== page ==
The New Testament Era: The world of the bible from 500BC to AD100

Bo Reicke, Fortress, 1968, reviewed by Vern Ratzlaff

        It’s an old book, but Reicke’s treatment of the era remains insightful and helpful; his perspectives on the development of the early church remain balanced and helpful.

        Christ and the church were related in different ways to Judaism and also to Hellenism and the Roman Empire. Jesus and his disciples were particularly confronted with political, social and religious factors in Judaism, Hellenism and the Roman empire. Of crucial importance is the restoration of Judaism after the Babylonian captivity, and the emergence of institutions characteristic of Jewish society in the time of primitive Christianity, the intense cultural struggle of Judaism with Hellenism.

        My major interest is Reicke’s sketch of Palestine at the time of Jesus and the apostles: the institution (synagogues), the political tensions (Samaria, Roman administration), the groups (High Council, Sadducee, Pharisees, priests, Essenes. Reicke does a careful treatment of the data of the Last Supper, and he opts for the Johannine scenario. He also describes the crucifixion process.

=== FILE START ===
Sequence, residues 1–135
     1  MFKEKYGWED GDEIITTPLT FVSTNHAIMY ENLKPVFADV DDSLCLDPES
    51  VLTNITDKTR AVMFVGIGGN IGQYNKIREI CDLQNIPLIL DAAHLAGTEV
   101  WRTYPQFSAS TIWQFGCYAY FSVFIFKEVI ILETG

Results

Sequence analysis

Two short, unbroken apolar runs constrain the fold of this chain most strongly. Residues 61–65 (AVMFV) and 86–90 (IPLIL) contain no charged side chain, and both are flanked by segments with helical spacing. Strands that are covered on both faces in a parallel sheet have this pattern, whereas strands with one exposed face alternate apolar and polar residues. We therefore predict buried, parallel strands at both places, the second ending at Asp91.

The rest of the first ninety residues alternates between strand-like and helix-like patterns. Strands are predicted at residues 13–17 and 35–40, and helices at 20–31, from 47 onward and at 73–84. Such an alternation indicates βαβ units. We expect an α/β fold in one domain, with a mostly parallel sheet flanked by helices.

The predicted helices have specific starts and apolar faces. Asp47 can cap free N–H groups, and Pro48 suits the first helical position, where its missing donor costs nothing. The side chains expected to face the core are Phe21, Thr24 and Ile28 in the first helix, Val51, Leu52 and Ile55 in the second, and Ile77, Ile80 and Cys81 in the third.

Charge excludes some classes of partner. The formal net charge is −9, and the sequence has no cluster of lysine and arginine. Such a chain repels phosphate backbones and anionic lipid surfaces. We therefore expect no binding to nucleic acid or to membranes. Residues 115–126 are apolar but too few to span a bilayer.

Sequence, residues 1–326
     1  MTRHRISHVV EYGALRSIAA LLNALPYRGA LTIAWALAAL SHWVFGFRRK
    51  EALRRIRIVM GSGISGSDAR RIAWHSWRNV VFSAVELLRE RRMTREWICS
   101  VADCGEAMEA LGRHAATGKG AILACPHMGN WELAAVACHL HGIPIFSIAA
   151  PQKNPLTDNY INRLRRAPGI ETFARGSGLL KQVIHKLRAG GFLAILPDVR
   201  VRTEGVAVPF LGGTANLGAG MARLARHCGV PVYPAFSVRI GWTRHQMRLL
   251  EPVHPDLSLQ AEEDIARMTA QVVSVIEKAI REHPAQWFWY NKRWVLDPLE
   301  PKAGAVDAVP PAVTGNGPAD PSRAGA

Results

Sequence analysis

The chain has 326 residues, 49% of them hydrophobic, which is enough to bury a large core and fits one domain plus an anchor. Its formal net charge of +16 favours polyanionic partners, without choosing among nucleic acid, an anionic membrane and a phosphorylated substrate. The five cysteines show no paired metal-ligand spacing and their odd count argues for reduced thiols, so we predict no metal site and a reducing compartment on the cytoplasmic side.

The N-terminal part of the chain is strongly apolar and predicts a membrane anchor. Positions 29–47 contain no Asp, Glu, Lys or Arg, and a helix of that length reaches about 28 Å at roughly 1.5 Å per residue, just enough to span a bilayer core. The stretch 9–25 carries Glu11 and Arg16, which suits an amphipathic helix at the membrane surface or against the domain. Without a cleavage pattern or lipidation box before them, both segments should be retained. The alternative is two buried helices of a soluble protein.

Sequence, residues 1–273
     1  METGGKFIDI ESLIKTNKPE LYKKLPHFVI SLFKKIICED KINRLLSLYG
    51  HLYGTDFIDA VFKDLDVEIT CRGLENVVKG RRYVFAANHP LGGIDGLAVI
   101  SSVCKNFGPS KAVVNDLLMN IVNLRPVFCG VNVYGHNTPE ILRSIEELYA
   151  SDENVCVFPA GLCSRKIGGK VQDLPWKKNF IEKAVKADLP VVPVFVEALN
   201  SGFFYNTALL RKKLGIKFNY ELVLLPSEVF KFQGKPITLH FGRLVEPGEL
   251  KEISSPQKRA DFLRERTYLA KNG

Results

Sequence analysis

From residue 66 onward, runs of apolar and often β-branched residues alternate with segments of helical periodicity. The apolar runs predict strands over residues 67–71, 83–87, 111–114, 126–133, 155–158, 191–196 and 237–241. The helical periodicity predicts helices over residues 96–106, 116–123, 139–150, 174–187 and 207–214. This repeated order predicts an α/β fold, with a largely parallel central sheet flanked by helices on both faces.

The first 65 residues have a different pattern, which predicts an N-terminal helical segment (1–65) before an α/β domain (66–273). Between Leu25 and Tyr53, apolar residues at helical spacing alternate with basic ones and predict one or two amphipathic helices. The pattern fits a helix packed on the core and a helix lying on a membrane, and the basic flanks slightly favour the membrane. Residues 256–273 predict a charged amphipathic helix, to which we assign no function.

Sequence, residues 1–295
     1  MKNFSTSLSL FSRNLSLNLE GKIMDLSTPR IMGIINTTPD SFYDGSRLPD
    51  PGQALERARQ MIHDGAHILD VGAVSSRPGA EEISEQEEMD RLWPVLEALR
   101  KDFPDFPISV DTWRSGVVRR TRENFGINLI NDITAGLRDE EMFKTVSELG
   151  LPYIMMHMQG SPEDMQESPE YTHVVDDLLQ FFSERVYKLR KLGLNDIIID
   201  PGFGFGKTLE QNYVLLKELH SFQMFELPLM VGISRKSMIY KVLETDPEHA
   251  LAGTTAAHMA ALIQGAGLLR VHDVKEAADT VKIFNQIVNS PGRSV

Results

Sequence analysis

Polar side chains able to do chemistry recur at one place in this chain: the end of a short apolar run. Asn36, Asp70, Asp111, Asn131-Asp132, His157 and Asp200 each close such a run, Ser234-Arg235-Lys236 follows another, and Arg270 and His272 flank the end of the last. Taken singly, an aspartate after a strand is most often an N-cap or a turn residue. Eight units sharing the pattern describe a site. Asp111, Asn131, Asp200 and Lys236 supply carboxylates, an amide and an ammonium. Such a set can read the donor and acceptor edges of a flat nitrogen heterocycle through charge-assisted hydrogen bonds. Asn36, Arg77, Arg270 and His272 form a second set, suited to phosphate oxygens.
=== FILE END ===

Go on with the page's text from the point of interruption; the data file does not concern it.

Reicke also presents a balanced perspective of the emperor Domitian (emperor from 81-96); much has popularly been made of Domitian’s persecution of the church; Reicke’s treatment is more balanced; Domitian’s attacks were against the senatorial aristocracy, against Hellenism and Christianity was only one of his targets. Reicke presents a more carefully balanced perspective. ‘As a builder of Rome, the only man who can be compared to Domitian was Augustus’ (p 273).

Vern Ratzlaff is a pastor and professor of historical theology at Lutheran Theological Seminary in Saskatoon, Saskatchewan, Canada.